Persistence of Wooden Vessel Names over Time
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Anecdotally, I have heard that a wooden vessel, although perhaps almost totally rebuilt over time, is regarded as the same vessel, or same-named vessel, so long as some significant element survives – a cross-beam bearing the Registration Number, or a name board, for example. In the context of a current, well-evidenced, study of a class of wooden coastal and inland barges, built and rebuilt over some 150 years, I would be grateful to know of any citable source for that view. Many thanks.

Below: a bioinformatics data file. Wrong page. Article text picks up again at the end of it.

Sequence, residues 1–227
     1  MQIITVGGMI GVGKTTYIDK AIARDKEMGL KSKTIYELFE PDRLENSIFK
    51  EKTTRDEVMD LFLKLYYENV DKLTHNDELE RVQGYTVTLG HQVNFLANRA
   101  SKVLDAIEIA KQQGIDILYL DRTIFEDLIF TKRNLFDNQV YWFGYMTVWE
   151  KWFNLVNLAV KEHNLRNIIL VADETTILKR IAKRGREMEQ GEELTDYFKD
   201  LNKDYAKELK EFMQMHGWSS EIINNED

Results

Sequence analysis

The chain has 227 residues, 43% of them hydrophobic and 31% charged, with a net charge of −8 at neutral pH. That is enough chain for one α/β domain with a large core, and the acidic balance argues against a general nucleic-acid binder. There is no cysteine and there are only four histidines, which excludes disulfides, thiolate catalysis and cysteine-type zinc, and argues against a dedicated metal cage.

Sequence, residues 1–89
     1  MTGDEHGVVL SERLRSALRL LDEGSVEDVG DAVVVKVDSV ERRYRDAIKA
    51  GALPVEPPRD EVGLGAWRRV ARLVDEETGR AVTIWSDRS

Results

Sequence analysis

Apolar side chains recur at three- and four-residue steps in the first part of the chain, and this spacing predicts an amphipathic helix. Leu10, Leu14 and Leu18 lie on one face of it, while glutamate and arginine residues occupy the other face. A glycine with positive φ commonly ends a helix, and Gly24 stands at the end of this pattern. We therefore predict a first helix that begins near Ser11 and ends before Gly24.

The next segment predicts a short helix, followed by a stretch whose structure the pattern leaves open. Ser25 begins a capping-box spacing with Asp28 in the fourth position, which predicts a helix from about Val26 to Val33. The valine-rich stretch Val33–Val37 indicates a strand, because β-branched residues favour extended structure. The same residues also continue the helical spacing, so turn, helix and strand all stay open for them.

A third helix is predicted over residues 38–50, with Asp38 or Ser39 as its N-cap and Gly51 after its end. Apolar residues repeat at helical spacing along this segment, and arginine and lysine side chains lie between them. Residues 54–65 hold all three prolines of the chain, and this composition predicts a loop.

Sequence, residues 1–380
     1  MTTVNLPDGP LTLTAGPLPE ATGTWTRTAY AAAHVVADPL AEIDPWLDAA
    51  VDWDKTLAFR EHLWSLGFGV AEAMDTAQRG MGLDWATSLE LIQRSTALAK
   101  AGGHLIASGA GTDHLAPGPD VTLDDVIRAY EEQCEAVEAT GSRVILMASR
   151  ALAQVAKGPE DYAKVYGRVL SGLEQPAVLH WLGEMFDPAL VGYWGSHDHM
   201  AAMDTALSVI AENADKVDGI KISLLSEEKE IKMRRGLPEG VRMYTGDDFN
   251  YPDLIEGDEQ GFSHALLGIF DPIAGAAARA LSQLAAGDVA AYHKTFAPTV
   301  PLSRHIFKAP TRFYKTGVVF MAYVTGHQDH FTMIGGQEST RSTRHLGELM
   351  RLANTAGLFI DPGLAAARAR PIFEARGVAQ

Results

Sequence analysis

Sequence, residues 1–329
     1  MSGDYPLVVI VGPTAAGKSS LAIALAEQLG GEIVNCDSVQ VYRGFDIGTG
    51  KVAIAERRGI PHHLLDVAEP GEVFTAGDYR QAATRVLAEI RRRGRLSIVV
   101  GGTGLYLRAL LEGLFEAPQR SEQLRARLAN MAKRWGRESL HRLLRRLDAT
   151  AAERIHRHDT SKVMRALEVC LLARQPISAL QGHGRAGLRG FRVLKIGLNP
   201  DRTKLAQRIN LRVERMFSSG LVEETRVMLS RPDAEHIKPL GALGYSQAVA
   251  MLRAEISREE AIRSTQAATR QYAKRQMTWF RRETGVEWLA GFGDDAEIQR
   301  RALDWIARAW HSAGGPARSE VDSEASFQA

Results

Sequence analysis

What you are referring to is the ‘Grandfather’s Axe Paradox’, whereby the object remains the same although all components have been changed. In the maritime world this does not just apply to wooden vessels. Steel ships can also have massive re-builds yet still be the same ship. An obvious British example was the aircraft-carrier HMS Victorious (R38), which was first commissioned in 1941, but so totally re-built 1950-58 (angled deck, longer, beamier, heavier, etc) as to be unrecognisable.
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